ASPCA Opens Permanent, State-of-the-Art Behavioral Rehabilitation Center in Weaverville, North CarolinaAfter year-long project, the 28,000-square-foot facility unveils innovative training program and greater capacity to rehabilitate homeless dogs across the country
Weaverville, N.C.—The ASPCA® (American Society for the Prevention of Cruelty to Animals®) today announces the official opening of its Behavioral Rehabilitation Center in Weaverville, N.C, approximately 10 miles north of Asheville. The ASPCA Behavioral Rehabilitation Center (BRC) is the first-ever permanent facility dedicated to the rehabilitation and study of extremely fearful, unadoptable homeless dogs, most of whom are victims of cruelty or neglect.
The ASPCA opened this new permanent facility following the success of a four-year behavioral rehabilitation pilot program in New Jersey, where more than 300 dogs suffering from debilitating behavior issues were successfully treated. These dogs were made available for adoption with rescue groups and shelters, including the ASPCA Adoption Center, across the country.
Covering 13 acres, the BRC has the capacity to rehabilitate 65 dogs at any given time. They will be treated daily by a dedicated team of animal behavior experts implementing scientifically sound techniques to reduce their fear of people and acclimate them to real-life situations that can induce trauma and severe stress. The Watershed Foundation provided significant grant funding to support the development of the year-long BRC expansion project in Weaverville.
“This new customized facility builds on the successes of our pilot project to impact many more traumatized and fearful animals both locally and nationwide through specialized training and idea-sharing,” said ASPCA president and CEO Matt Bershadker. “I’m thankful to our dedicated staff and partners for helping us turn an ambitious vision into a lifesaving reality for animals in crisis. They all deserve second chances.”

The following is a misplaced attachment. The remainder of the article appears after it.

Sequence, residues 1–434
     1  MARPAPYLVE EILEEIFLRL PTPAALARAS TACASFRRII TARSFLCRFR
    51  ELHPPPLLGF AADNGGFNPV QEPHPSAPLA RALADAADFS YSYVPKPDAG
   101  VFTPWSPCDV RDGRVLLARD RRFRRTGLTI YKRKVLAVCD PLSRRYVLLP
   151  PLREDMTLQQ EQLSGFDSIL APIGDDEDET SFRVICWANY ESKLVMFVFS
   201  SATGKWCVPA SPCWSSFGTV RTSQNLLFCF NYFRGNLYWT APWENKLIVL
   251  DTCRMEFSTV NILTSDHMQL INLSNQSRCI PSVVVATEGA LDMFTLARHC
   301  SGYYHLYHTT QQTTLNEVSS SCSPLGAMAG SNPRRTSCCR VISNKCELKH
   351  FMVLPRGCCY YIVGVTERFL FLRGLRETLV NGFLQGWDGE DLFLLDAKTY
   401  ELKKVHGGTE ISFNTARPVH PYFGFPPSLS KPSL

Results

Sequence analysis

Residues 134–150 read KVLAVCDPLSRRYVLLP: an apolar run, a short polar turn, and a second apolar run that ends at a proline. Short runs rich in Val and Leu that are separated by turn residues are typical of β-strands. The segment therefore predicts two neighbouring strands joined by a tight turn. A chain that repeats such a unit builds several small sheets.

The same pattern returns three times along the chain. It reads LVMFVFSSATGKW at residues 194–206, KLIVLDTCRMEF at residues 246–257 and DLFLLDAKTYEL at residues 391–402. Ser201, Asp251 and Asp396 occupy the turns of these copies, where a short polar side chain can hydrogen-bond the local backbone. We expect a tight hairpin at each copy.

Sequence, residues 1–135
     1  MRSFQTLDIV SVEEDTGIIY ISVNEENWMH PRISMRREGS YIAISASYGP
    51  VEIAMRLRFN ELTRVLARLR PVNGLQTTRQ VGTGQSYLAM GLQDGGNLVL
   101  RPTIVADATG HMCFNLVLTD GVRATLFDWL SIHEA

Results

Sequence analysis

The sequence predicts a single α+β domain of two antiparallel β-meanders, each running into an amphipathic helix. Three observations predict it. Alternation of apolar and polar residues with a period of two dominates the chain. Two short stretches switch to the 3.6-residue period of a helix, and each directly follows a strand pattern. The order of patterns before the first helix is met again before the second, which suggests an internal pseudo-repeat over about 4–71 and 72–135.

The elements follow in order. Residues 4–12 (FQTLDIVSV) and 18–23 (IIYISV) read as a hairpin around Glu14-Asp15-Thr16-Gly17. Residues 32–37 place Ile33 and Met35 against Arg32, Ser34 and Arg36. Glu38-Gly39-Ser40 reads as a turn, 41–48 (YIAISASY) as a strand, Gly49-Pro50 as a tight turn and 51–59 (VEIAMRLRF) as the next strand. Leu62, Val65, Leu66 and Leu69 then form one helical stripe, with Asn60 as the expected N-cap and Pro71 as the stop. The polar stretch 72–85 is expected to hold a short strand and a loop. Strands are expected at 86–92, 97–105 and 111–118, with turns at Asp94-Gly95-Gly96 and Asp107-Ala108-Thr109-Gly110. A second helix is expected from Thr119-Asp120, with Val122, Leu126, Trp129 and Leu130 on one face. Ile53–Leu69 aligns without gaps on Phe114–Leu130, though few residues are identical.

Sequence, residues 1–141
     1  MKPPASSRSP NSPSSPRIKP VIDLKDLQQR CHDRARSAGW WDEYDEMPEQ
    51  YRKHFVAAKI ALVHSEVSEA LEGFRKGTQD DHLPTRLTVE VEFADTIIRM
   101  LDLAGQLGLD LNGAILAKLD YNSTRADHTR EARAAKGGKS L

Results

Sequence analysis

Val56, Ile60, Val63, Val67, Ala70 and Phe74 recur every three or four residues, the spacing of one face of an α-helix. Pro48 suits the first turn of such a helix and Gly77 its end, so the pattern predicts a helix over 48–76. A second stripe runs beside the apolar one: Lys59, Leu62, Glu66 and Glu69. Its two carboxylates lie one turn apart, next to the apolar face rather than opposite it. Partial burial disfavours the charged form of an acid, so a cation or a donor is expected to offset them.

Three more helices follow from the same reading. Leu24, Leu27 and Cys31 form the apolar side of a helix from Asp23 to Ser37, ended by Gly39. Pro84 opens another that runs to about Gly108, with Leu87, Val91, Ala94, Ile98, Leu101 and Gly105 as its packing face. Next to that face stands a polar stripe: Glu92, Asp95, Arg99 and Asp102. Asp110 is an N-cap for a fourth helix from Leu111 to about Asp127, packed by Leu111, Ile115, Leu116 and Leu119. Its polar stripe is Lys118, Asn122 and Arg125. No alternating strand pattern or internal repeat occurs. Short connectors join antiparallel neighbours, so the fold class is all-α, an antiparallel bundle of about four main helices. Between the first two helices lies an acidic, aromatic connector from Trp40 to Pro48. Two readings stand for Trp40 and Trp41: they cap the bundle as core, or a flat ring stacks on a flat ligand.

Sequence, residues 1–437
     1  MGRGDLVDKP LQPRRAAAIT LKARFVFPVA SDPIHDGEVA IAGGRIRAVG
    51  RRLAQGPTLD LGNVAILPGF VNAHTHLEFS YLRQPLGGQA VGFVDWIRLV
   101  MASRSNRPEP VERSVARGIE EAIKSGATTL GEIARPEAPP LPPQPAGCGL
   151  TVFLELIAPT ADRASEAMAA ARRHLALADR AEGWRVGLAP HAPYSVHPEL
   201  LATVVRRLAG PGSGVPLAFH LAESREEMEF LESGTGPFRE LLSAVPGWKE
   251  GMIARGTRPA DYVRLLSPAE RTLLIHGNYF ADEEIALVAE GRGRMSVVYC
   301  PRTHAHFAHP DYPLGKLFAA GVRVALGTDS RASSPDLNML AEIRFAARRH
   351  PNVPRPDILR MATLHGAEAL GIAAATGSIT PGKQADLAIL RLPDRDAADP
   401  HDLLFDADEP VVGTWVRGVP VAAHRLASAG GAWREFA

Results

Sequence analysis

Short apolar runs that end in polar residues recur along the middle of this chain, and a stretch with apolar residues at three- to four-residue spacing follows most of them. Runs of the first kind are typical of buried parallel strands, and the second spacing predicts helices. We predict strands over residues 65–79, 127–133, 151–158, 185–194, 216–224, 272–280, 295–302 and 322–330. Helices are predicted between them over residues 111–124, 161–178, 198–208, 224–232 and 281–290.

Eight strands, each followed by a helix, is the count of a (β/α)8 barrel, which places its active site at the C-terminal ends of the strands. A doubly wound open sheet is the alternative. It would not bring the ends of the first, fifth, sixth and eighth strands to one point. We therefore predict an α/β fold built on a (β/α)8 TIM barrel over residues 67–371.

Shelter dogs of all breeds and ages are accepted at the BRC so long as they are physically healthy and exhibit fearful behavior that compromise their quality of life and make adoption challenging or impossible. Dogs who graduate from the rehabilitation program will be placed with shelters and rescue groups across the country for adoption.
In addition to rehabilitating severely fearful dogs, the ASPCA will be launching an innovative, research-based training program, called the Learning Lab, at the BRC for select shelters around the country. The facility includes a dormitory and space for shelter professionals to visit and learn from the BRC team so they can implement specialized rehabilitation techniques and targeted sheltering protocols into their own operations. As the Learning Lab program evolves, the ASPCA plans to develop a national network of partner organizations who can share learnings and best practices with other agencies in their communities to help save more lives.
“We look forward to expanding the impact our work at the Behavioral Rehabilitation Center by having shelter professionals visit us, collaborate with us, and apply key learnings to help homeless dogs in their communities,” said Kristen Collins, vice president of the ASPCA Behavior Rehabilitation Center. “We’re grateful for the support we’ve received from our colleagues in the animal welfare community as well as those who have been integral in the development of this lifesaving endeavor.”
Later this year, ASPCA behavior experts will share findings from a research study conducted during the BRC pilot program to help shelters and rescue groups across the country rehabilitate homeless dogs from similar backgrounds. The work of the BRC program is showcased in an award-winning ASPCA documentary, “Second Chance Dogs”, which is available on secondchancedogsfilm.com. For more information on the ASPCA Behavioral Rehabilitation Center, please visit aspca.org/BRC.